There are other exciting areas as well. The new area of unleashing the patient’s own immune system to fight their cancer is truly revolutionary. Over the next few years our group of oncologists, radiotherapists, surgeons and basic scientists will be not only further unraveling just what allows lung cancers to hide from the immune system but also actively testing multiple new drugs that seek to overcome those barriers to immune response. We are pushing to develop new and faster ways to assess the benefit of these drugs so we can get them to the most patients as fast as possible while still being safe and responsible.
In 10 years where do you see the landscape for lung cancer? How will things change? What is your hope?
I see us using more molecular and genetic data to decide on what treatment the patient should get. Right now, when a patient arrives we first confirm the presence of lung cancer then we stage the patient.With our rapid expansion in understanding genetic mutations in cancer and how they affect the cancer’s behavior I see us making more reliable predictions about a tumors behavior by incorporating that genetic data. In the future, instead of just looking at a cancer’s size and shape we will also use the data from genetic analysis to determine the best treatment.
Not only will this genetic data help us predict behavior better but it will also open up new opportunities to treat those patients. Already we have identified drugs which address the cancer at the level of its specific gene mutation. Still, only about 10% to 15% of the known genetic mutations encountered in lung cancer have a drug available for them. I anticipate that in the next ten years we will develop a whole palette of these types of drugs and address a wider and wider range of specific mutations we encounter commonly in lung cancer.
The last area I see considerable change in is the role of immunotherapy. While the targeted agents I discussed above specifically focus on a mutated gene in the tumor, immunotherapy uses the patient’s own immune system to attack the cancer. Cancers have developed ways to hide from the patient’s immune system and we are now discovering the keys to overcoming that resistance and let the immune system do the job it was designed to do.
What do you hope to see come from MD Anderson’s Moon Shots Program? Our 13 moon shots are focused on building team science. In every example of innovation that you see in the modern world you see examples of team work. Companies like 3M, Google and even Pixar have recognized that innovation will not come from the single scientist or inventor working in isolation but from groups of researchers working and sharing knowledge to identify truly novel and breakthrough ideas. The Moon Shots Program gives us the infrastructure to set up that type of collaboration.I see the moon shots as the way to break through to new innovative ideas. We have brought together basic scientists, surgeons, oncologists, radiotherapists, pulmonologists, radiologists and epidemiologists all working and sharing knowledge to come up with novel ideas aimed at curing lung cancer. It is the R&D of our efforts. Promising ideas identified through moon shots projects are spun-off to get additional funding from existing mechanisms, such as government and philanthropy so that the moon shot can continue to focus on innovation.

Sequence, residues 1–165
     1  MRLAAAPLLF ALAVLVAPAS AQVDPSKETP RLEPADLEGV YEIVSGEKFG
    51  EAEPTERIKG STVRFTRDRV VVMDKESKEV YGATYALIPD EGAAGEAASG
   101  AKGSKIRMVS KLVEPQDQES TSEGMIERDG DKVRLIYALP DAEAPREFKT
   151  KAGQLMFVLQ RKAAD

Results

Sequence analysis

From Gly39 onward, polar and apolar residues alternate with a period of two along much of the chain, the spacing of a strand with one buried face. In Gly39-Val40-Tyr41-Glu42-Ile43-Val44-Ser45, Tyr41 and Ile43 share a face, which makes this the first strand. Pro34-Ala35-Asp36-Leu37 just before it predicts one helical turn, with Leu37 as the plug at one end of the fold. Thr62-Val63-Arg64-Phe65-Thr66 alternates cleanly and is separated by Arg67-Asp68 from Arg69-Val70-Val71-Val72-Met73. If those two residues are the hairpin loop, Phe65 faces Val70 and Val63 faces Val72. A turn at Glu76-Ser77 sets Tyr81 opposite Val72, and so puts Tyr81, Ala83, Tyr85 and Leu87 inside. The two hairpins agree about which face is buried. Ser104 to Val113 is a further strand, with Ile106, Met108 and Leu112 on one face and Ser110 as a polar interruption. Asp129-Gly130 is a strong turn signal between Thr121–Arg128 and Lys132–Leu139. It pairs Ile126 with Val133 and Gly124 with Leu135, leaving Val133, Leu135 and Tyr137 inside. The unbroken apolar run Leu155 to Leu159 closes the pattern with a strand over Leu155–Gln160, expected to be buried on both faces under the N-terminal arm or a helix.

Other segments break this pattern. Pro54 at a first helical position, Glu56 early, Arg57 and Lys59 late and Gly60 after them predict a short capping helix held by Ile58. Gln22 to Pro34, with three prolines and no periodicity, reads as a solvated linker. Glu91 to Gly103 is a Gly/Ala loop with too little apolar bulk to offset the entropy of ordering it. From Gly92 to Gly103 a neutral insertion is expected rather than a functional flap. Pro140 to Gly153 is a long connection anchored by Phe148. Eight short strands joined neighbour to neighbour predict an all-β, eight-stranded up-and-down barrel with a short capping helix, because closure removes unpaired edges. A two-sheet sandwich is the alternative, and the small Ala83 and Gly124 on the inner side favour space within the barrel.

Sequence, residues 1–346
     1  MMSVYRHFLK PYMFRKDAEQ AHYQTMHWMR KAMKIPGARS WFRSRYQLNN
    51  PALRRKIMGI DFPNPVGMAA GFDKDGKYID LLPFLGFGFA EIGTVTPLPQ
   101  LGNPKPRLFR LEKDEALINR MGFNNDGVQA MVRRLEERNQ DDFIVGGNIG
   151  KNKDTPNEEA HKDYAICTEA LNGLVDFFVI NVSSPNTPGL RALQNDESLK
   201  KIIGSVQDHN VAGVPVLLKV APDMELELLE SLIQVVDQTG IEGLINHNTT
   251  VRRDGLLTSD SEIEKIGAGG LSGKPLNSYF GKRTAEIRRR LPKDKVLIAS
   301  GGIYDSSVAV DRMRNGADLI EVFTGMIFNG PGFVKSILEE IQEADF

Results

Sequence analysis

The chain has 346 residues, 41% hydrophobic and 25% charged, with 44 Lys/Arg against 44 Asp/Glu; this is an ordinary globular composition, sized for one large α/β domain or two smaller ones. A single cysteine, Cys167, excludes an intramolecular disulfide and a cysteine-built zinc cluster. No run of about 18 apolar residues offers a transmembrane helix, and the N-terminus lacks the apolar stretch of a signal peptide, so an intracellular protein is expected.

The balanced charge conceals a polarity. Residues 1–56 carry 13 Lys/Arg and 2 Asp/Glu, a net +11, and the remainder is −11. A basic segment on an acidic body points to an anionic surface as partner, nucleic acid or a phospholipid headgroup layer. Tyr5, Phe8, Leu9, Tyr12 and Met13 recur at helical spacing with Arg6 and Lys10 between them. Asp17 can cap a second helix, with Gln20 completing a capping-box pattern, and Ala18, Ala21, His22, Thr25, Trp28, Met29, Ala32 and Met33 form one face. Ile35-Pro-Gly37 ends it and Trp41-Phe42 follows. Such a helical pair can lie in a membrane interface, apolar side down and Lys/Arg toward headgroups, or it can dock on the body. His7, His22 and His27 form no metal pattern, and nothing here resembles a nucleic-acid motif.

How do community events like Lung Love Walk Houston make a difference? How do you engage your colleagues to participate?
Events like the Lung Love Walk keep the importance of lung cancer and the work that is still needed at the forefront of those who are in a position to help. Despite our efforts to provide an infrastructure for innovation like the Moon Shots Program we will still need more resources to finish the job that starts within the moon shot. Events like the Lung Love Walk make the news, get out on social media and eventually make their way to policy makers who can then use that information to help decide how to allocate the funds that might be available. As I said earlier in this conversation many people, including those policy makers, are simply unaware of how common a problem lung cancer is. Showing the human side of this disease and showing that there is a broad community that it affects will hopefully help convince those policy makers of the importance and value gained by helping fund these innovations.
About Dr. Ara Vaporciyan
Ara Vaporciyan, M.D., is a tenured Professor of Surgery and Chairman of the Department of Thoracic and Cardiovascular Surgery at the University of Texas MD Anderson Cancer Center in Houston. Vaporciyan began his training in 1982 at the University of Michigan, where he earned an honors degree in cellular and molecular biology. He then attended medical school at the same institution. In 1989, he began his general surgery residency at The University of Texas Houston Health Science Center. Two of the next seven years were spent back at The University of Michigan in a postdoctoral research fellowship in the Department of Pathology, where he studied inflammatory mediators of lung injury. After completing his general surgery training in 1996, he began a two-year fellowship in cardiothoracic surgery, with an emphasis on general thoracic surgical oncology at MD Anderson. He joined the faculty there in 1998.